The mayor of Osoyoos, BC, is urging potential tourists to do their homework before traveling to southern Okanagan as a large wildfire rages in the nearby mountainside.
Sue McKortoff said that while the tourist destination still welcomes tourists, it encourages visitors to be prepared and plan.
“Make sure you do your homework. Look closely. Decide where it is you plan to go. Are you coming to a hotel or a campsite? Contact them before you even leave your house. Do not come over here and assume that everything is in order, because at this time it is not, “the mayor told Global News on Wednesday.
About 1,000 tourists were evacuated from Spirit Ridge Resort and the adjacent Nk’Mip Campground and RV Resort early Tuesday morning due to the intrusive Nk’Mip Creek wildfire as it burned to the southeast.
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McKortoff urges evacuated vacationers to take home.
“Tourists who have been evacuated should consider going home because we have nowhere to place them,” she said.
“If you are at one of the other resorts or at a hotel and you are booked and feeling good there, we do not tell you to go home, we just tell people who are wondering where to go that our job is to protect everyone and definitely our residents. ”
Tourists are not eligible for ESS (Emergency Social Services) support.
Some local residents under evacuation orders have reported problems finding available housing as hotels, motels and holiday homes are filled with visitors.
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“We hope that if there are locals who are displaced, they will find family or friends to stay with rather than go to the front desk and get them to try to find a place.”
The 2,000-acre fire burning in mountainous terrain east of Lake Osoyoos has caused nearly 700 properties in the regional district and on Osoyoo’s Indian tape reserve to be put under evacuation orders, while another 1,000 properties are under evacuation alarms.
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McKortoff said no properties have been evacuated within the town of Osoyoos, but more than 600 housing units are under alarm, as well as a handful of motels and hotels.
The unpredictable nature of the wildfire has resulted in some visitors fleeing the area as a precaution and companies facing mass cancellation.
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McKortoff acknowledged that the threat from Mother Nature will take an economic toll on the local economy, which is heavily dependent on this summer’s tourism dollars.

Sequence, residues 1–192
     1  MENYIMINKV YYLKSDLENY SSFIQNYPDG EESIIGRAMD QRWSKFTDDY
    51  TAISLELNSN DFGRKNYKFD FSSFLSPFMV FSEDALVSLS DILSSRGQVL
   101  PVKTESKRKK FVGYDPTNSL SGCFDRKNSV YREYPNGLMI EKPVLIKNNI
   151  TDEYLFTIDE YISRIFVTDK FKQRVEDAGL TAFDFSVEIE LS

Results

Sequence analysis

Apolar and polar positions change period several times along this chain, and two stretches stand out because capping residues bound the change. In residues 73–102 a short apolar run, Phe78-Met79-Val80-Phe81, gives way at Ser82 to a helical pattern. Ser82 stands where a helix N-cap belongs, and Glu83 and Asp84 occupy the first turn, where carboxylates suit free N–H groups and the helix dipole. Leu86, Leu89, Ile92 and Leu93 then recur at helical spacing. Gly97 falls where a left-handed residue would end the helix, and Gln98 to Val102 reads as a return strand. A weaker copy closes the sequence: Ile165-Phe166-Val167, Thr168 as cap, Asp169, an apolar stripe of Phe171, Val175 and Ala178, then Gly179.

“Of course we will be affected. Everyone else will do the same in Okanagan and BC. I’m not sure there is much we can do to change that, ”she said.
“I’m positively optimistic that things will get better.”
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Kassandra Lang, owner of Cheeks Wear Osoyoos, said she has noticed a significant drop in foot traffic since the forest fire triggered Monday afternoon.
“It stopped as far as foot traffic, fewer people came in,” she told Global News.
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“The last two days have been super slow, today it has been a little busier.”
Kody Rosentreter of North Basin Brewing said losses caused by the forest fire come at an inappropriate time as small businesses try to recover from the COVID-19 pandemic.
“Businesses have to try to adapt and overcome these things, but it’s hard, especially in a city like this, which is so dependent on tourism.”
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“It seems to be driving tourism out of Osoyoos.”
In the premium grape-growing region of Oliver, BC, wineries are also facing an economic hit, as the rapid wildfire is forcing some companies to evacuate and temporarily close.
Some wineries along Black Sage Road closed their doors to tourists on Tuesday.
“Burrowing Owl Estate Winery has been evacuated to ensure the safety of our winery guests and team. We are all safe! ”The popular winery sent to Facebook.
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Phantom Creek Estates, the newest multi-million dollar luxury winery on the Black Sage Bench, also said it was affected by the wildfire.
“Our winery building is on evacuation order today,” the winery published online.
“Although there is no imminent threat to the vineyard, we are closing the tasting room and the vineyard offices in accordance with the order today.”
Nk’Mip Cellars at Spirit Ridge Resort in Osoyoos, BC, is temporarily closed as the entire property is evacuated.
Wildfire causes and consequences
Other wineries further north on Black Sage Road, such as Silver Sage Winery, remain open as well as an abundance of wineries along Highway 97, known as the Golden Mile.
Dapinder Gill, general manager of Kismet Estate Winery, said 50 percent of reservations in his bistro were canceled when visitors fled the area.
Gill, who is also director of the Oliver / Osoyoos Winery Association and sits on the board of Wine Growers of British Columbia, said wineries in the Oliver area will suffer a significant economic blow due to the impact of wildfires on tourism.
“There will be financial consequences for all wineries around the valley, because we look forward to the tourist season, and it is one of our biggest financial assets that tourists come to the area. “The tourists are careful and cancel their reservations, it is a very big economic hit for the whole valley,” Gill told Global News.
Gill believes no vineyards have been damaged and no structures have been lost to the wildfire.
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